CITY OF CORNING AND CRYSTAL CITY POLICE BENEVOLENT ASSOCIATION OF CORNING, NEW YORK, INC. PBA demand that unit members be permitted to “shift swap” without regard to rank was a nonmandatory subject of bargaining. Possibility that an employer could be deprived of its prerogative to determine that a sergeant, lieutenant or captain, shall be present on a given shift or to determine the circumstances and contingencies under which it would agree to lesser ranking employees filling in for command officers rendered demand nonmandatory. PBA demand that payment for deceased employee’s accumulated accruals be made within 30 days of the date the employer has been provided with written documentation of the name of the deceased employee’s beneficiary or the executor of employee’s estate, whichever is later, was found to be a mandatory subject of negotiation. (ALJ Poland, U-29161, 2/18/10)

COUNTY OF ORANGE AND SHERIFF OF ORANGE COUNTY AND ORANGE COUNTY DEPUTY SHERIFF’S POLICE BENEVOLENT ASSOCIATION AND ORANGE COUNTY DEPUTY SHERIFF’S POLICE BENEVOLENT ASSOCIATION AND COUNTY OF ORANGE AND SHERIFF OF ORANGE COUNTY. The PBA was found to have violated §209-a.2(b) of the Act when it submitted proposals to interest arbitration pursuant to §209.4(g) of the Act which were not directly related to compensation, specifically proposals relating to the ability of employees to cash in or convert the value of accrued leave upon retirement or separation from employment. Such proposals were not directly related to compensation but represented potential compensation only. The County was found to have violated §209-a.1(d) of the Act when it submitted its proposal to require employees to use Family Medical Leave Act leave simultaneously with leave under the contract leave of absence provision. The proposal appended unpaid statutory leave onto unpaid contractual leave and, therefore, had no compensatory component. (ALJ Doerr, U-28693 & U-28738, 2/25/10)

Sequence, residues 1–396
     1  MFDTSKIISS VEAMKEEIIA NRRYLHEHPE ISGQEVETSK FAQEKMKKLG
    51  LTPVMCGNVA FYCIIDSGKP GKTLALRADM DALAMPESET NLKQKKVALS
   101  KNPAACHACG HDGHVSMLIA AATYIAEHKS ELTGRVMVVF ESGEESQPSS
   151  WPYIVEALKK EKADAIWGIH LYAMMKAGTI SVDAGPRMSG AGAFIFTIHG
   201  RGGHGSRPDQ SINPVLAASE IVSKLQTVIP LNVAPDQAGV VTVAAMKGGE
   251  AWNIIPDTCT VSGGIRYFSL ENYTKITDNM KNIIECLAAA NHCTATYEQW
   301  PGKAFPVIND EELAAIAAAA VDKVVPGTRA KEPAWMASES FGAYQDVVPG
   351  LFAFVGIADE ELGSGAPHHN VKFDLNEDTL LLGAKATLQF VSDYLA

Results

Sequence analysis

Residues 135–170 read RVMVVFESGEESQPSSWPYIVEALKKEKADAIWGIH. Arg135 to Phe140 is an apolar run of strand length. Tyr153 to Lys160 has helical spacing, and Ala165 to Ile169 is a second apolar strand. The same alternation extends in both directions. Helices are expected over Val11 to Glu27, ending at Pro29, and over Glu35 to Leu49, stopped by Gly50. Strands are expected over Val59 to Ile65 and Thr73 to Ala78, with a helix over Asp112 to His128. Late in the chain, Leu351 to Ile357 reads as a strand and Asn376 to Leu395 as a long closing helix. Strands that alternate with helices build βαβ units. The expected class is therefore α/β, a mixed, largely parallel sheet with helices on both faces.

NEW YORK STATE PUBLIC EMPLOYEES FEDERATION, AFL-CIO AND COUNTY OF ALBANY. By decision dated October 27, 2009, Nancy L. Burritt conditionally dismissed the charge subject to a motion to reopen in the event PERB’s deferral standards were not met. On December 7, 2009, PEF moved to reopen the charge because the arbitrator found that the expired collectively negotiated agreement did not address the issues raised in the charge. The Director reopened the improper practice charge to the extent it alleges a violation by implementing a plan to furlough County employees in its probation department one day per month over a five month period and not paying them for those days. The alleged violation of §209-a.1(e) remains dismissed and cannot be reopened as the arbitrator found that the contract was not breached. (Director Klein, U-29396, 2/26/10)